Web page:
• For the highest number on the players board in a column with no submarine which is not covered by a bot the player gets that amount of knowledge points (1-14 KP)
    • For crystals in the players lab (1-21 KP)
    • For each sector controlled by a bot, the player loses knowledge points for octopods still residing in the sector (lose 1-21 KP)

After the intermediate scoring the headquarter board is rearranged, the pass order track will be the play order track, all engineers are set on the start field again. Rearrange the programming symbols according to the open programming card and draw a new one afterwards. Each sector gets a new lab expansion and research card, may be stacked onto the still laid out cards. The topmost center tile depicts the resources which are now distributed in the corresponding sectors: crystals, time markers and octopods and – depending on the number of players – neutral bots and submarines. After all new resources have been distributed, the center tile is discarded and the new one for the next round is visible. The game ends after 4 rounds respectively after the resources of all 4 center tiles have been used up. At the final scoring is an evaluation of possible extra scores takes place, 6 placed submarine (5 KP), complete labs (5 KP), number different letters in the lab expansions (1-21 KP), left time markers (+1 KP each). The player with the most knowledge points wins.

After having read the rules a couple of times I prepared the setup of all the different game boards and tokens and then it was up to me too explain the game to my gaming fellows. And that took quite a good amount of time due to the complexity of possible actions, different game boards and the many ways of how one can gain or lose knowledge points. At the end it is just having the most knowledge points and thus simply being the leading player on the knowledge point board. The same story for so many games. However, the gaming mechanism of Aqua Sphere to succeed is well balanced and smoothly running like a clock work. You have to follow a plan of how to finally make a certain action in the station, this plan has to be well prepared by selecting and programming your bots. With the right amount of time markers you are free in the selection of the sections where your bots carry out their programmed work. However, there is little room for adjusting the plan to react on your opponents’ actions, this is due to the fact that only 3 of 7 bot actions are possible and the order is not as flexible as one might want. The decisions made on the headquarter board by programming action are the basement of your turn. Even the playing order of turns is defined here which sometimes gives an advantage to win the evaluation round. Placing bots in a section with other players’ bots as the last player lets you control that sector and might force other players to take back bot on their board which costs them some knowledge points in the evaluation phase.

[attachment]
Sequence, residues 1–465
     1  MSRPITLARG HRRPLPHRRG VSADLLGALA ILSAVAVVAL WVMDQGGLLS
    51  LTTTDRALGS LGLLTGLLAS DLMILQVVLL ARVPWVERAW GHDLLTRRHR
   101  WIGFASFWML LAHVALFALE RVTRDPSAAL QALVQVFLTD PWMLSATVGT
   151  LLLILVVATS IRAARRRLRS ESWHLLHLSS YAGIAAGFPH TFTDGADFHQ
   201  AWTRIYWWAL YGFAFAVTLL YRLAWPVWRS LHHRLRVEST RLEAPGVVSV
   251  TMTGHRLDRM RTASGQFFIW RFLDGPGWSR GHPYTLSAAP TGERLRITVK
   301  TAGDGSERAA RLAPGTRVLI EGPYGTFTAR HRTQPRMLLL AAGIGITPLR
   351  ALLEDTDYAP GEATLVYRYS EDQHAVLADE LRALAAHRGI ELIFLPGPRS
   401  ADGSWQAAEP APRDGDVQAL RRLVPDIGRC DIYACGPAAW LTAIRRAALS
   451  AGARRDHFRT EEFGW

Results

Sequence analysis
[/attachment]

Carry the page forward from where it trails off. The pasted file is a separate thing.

I have not honoured yet the setup and resource distribution mechanism. For each number of participating players the setup is adjusted. So for 2 or 3 players neutral tokens placed on the board compensate the absence of missing players. Therefore the placement of submarines (to gain knowledge points) is hindered in the same way as building places are already occupied. Neutral bots placed in the load station force the other players to take back their bots in case of overload situation which in turn also depends on the number of participating players. You can expect that the same level of details and complexity for the rule set also applies to the setup and resource distribution. I do not know many games where the rules and game mechanism gear into each other so smoothly and well balanced. This all compensates by far the in my eyes far-fetched background story of the underwater research lab. You could put all this to a space lab, power plant or factory and it would still work, so the story is kind of arbitrary. Nevertheless, if you are fan of complex and fine granular games somewhere between strategy and short term tactics then keep a place spare in your shelf of game collections for Aqua Sphere.

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Copyright © 2015 Frank Schulte-Kulkmann, Essen, Germany